Release from Self-condemnation

Devotions for those who are weary of feeling not good enough, regardless of the source of those feelings.

Saturday, December 31, 2016


I'm grateful to remember that the Lord's blessings don't depend on anything I can do, but upon what He has done. And I'm relieved that because of His grace, He does not withhold blessings from me even if I fail in some good resolution or plan I've placed before myself.  But tomorrow morning, I'm going to turn off my wireless access and open my heart to the Lord ahead of the responsibilities of my day, not because I love Him (and I do) but because He has loved me; blessed be His Name.


Week 1  Abide and Rest
Day 1

Rest. Rest. Rest in God’s love. The only work you are required now to do is give your most intense attention to His still, small voice within.
 –Madam Guyon[i]

First—ahead of it all—rest in the Lord. Only as you find your rest in Him will you have energy and strength for the tasks in your path. Shut out the world’s influences and listen to Him. Listening is an act of your will, and is more active than doing nothing. And yet, as you rest in His Presence, physical rest will come as well.


et’s begin our 100-day journey with seven days of rest.  Mark 6:31 says, “Come away by yourselves to a desolate place and rest a while...” Synonyms for the word "desolate" are deserted, isolated, and bleak; and yet we sense God's waiting presence in the silence; He waits for us to come unto Him. 

Make yourself a place apart. Most of us can't randomly decide to rest for seven days, but understand that spiritual rest does not require physical rest; if you are traveling this path with me please recognize that getting up an hour early to spend time with the Lord prior to a busy day is a viable way of finding rest in Him. However, if you are able, clear as many responsibilities as possible for this seven-day period so that physical and spiritual rest may coincide. 

In prayer, inquire of the Lord. What duties and responsibilities would He have you set aside for this one week of time? Your list will differ from mine. Don’t dismiss that first thought that comes when you begin to pray; allow the Lord to grant you respite in ways you may think are not possible. These are not rules to follow:

You are not under the law, with its inexorable Do,
but under grace, with its blessed
 Believe what Christ will do for you.
–Andrew Murray[ii]

Here are possible elements of these seven days of rest:

1) Increase your intake of God's Word (see appendix 1 for suggested weekly memory verses, and appendix 2 for a year through the Bible reading plan).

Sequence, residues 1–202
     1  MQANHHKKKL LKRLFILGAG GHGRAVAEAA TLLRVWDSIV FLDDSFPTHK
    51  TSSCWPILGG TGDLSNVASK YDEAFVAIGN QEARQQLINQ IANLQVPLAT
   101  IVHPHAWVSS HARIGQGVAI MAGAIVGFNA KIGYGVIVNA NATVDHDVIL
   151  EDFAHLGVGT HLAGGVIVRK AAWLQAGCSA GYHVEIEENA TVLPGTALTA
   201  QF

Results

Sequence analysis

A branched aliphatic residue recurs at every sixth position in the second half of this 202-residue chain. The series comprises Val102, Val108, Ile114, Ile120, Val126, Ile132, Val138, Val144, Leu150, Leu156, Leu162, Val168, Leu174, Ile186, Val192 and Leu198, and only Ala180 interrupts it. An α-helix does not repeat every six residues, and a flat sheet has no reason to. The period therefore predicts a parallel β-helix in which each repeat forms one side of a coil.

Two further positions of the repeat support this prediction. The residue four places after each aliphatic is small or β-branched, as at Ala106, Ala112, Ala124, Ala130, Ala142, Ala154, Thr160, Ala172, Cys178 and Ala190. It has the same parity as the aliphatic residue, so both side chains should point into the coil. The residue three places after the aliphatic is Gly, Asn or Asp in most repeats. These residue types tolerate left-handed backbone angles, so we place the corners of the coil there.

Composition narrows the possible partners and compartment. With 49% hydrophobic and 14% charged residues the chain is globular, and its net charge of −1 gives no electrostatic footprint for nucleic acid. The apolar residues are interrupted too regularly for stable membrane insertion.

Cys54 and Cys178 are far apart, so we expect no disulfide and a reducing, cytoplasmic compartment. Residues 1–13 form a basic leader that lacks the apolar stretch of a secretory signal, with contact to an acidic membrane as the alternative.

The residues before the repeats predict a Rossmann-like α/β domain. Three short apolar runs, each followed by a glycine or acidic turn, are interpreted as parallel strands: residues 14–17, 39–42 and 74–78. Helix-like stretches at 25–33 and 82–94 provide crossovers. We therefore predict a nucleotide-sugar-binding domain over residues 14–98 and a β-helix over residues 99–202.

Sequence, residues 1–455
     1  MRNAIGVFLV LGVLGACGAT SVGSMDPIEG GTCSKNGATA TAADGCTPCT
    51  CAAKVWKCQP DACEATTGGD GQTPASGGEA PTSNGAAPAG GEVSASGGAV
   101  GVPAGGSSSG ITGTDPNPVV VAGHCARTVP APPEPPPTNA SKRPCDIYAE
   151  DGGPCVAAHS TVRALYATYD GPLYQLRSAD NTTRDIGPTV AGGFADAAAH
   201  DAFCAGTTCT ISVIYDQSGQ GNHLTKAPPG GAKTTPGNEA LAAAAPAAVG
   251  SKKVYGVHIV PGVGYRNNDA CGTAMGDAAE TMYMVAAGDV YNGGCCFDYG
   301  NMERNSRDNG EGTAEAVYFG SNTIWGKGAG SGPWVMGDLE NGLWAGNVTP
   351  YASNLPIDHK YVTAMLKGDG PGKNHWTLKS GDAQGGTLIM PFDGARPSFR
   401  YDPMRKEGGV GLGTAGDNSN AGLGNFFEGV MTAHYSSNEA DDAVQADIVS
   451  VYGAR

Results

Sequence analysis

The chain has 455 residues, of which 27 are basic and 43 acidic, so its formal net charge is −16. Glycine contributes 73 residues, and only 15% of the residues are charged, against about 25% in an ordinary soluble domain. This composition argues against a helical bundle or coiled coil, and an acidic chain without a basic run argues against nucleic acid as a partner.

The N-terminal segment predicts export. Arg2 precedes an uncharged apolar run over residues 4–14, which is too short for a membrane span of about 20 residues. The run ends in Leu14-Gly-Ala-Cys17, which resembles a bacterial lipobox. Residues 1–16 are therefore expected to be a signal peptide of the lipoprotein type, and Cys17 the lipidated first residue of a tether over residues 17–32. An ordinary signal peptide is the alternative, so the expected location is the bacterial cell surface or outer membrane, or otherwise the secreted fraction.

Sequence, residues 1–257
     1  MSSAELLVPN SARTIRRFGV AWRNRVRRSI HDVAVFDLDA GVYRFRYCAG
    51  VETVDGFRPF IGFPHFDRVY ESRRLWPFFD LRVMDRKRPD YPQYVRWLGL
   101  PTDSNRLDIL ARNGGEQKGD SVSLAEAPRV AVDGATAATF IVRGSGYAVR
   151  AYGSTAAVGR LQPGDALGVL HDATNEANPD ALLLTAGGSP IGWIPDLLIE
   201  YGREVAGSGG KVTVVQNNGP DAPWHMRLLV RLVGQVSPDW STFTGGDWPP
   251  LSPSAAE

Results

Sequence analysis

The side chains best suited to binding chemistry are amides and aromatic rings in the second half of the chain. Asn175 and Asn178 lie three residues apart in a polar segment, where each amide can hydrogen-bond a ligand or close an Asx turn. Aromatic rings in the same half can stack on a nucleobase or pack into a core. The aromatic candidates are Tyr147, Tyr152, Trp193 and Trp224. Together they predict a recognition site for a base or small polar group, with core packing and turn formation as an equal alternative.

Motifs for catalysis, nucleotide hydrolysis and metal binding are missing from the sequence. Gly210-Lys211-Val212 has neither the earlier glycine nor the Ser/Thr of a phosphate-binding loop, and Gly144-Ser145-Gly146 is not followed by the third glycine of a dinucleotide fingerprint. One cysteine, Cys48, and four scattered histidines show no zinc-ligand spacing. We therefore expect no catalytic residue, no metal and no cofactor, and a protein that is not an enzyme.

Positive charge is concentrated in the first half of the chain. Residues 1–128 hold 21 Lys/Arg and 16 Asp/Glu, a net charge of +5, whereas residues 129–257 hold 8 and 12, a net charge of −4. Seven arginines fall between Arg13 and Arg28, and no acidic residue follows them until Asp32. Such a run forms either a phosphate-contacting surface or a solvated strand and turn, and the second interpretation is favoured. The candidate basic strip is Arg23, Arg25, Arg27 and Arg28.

2)  Seek Him first--before email, work projects, to-do lists, etc.; give your daily time with the Lord priority above all else.
3) Limit screen time. Consider a one-week fast from all unnecessary online activity, TV, movies, etc. Discipline yourself to check social media sites only one time a day, and for a limited amount of time. 
4) Purpose to spend a regular early morning time with the Lord in your own "desolate" place where "...the only work you are required now to do is to give your most intense attention to His still, small voice within.”
5) Rest this week from intense physical exercise. If this is nearly impossible for you, faith in health habits may have insidiously moved ahead of faith in the Lord's power to protect and preserve; and you will need to repent. If you usually run/bike/swim each day, this week cut your exercise to a daily fifteen minute stroll during which you observe and are nurtured by the beauty of God's creation. For many people this abstinence from working out amounts to a fast. Don't let anything—not even your morning sit-ups—come before prayer, praise, Scripture, and meditation on how you are to apply God's direction to your life. This is one week of discipline that will provide physical and spiritual rest.

During this seven days we will begin to exercise the discipline of putting the Lord first, before all else in our lives. We will rest physically as much as possible, and spiritually by committing the first segment of each day to His presence. 

Pray:  Dear Lord, teach me the discipline of rest. Help me to run straight to Your arms when I am upset. Melt my resistance to Your rule in my life as I abide in Your great love. Amen. 


…for while bodily training is of some value, godliness is of value in every way, as it holds promise for the present life and also for the life to come.